Look, there’s nothing wrong with the editorial voice of Thrillist that a lunch hour’s sensitivity training or maybe a forced viewing of John Waters classics wouldn’t cure. Right-minded bloggers have been known to get their undies bunched over the “hipster misogyny” (Gothamist) and “fratty” attitudes (Gawker) of this sort-of-daily e-mail tip sheet for straight-boy New York shoppers, but hey now, this is a guide for finding collectible vintage athletic shoes and “great sushi you don’t have to sell jugs of your precious sperm to afford,” not a manifesto. Besides, it could be worse. One whiff of the competition—the soulless UrbanDaddy, pitched at NYC and L.A. guys who would actually consider wearing a tie with a hidden iPod Nano pocket—will leave you craving the gym-sock funk of Thrillist’s pose. And even DailyCandy, the authoritative sort-of-daily straight-girl-shopper tip sheet that created the genre, might read a little less like catalog copy if it let some personality into the prose the way those Thrillist boys do.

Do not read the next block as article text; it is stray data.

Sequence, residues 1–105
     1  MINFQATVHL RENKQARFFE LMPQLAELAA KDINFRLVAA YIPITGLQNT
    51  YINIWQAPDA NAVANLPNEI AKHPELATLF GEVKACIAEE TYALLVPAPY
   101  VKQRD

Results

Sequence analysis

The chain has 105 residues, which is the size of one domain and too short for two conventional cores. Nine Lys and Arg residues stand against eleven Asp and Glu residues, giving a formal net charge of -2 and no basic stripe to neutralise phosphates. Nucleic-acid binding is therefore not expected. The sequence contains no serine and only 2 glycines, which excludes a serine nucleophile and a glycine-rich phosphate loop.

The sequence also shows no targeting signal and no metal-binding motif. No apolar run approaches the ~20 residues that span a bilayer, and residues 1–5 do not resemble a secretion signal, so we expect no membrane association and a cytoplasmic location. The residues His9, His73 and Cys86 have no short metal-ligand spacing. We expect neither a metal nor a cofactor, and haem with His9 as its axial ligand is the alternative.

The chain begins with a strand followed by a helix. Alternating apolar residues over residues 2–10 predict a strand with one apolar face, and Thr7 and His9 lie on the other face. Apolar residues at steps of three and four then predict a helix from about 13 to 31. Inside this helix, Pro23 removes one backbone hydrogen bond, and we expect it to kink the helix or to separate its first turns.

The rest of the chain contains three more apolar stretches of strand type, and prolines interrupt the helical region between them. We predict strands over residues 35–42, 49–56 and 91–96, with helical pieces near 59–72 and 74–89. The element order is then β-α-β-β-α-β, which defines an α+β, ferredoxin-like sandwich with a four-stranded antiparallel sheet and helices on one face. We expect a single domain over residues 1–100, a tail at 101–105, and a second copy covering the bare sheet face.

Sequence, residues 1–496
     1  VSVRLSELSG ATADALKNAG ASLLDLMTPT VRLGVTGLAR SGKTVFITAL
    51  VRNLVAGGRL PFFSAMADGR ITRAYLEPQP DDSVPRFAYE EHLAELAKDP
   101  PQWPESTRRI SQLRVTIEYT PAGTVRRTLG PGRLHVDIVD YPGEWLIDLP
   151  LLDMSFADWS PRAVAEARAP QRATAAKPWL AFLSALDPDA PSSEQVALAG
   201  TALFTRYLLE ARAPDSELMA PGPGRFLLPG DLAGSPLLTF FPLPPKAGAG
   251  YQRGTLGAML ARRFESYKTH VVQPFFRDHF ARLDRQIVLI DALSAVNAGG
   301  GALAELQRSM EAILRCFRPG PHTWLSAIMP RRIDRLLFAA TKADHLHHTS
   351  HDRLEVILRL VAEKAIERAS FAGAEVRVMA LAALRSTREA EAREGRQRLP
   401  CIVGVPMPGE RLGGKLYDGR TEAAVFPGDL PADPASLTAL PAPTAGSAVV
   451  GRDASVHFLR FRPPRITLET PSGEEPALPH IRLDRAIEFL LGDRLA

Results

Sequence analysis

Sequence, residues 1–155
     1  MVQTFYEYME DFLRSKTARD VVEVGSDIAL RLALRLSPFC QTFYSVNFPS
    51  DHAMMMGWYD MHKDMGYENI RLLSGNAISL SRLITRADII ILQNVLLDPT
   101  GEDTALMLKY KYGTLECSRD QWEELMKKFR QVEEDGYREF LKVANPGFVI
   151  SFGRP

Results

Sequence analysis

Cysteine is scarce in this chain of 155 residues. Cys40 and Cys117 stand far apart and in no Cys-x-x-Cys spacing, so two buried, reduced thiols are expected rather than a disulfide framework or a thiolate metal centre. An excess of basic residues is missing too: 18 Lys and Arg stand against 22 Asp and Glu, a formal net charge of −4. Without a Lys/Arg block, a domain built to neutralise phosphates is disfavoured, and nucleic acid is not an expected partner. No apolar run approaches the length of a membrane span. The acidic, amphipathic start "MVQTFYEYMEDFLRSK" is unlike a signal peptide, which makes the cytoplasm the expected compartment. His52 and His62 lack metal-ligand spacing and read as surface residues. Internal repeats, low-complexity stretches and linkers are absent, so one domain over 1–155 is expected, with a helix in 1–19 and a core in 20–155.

But with DailyCandy on the auction block for $100 million, it’s the boys that are taking all the cues right now. Not quite ready to match DailyCandy’s 10-city empire of local editions, Thrillist’s two-bud operation is positioning itself for its piece of the Boom 2.0 millions with a national edition, set to launch next month. And hey, nothing wrong with that either. But it’s hard not to get a little depressed at the thought that after all is said and done—after the blogosphere has unleashed its million and one lone voices, after sites like Flickr and del.icio.us and MySpace have demonstrated the creative power and social depth of amateur collaboration—there’s still nothing that gets the venture capital flowing like the thought of using that Internet thing to tell people what to buy.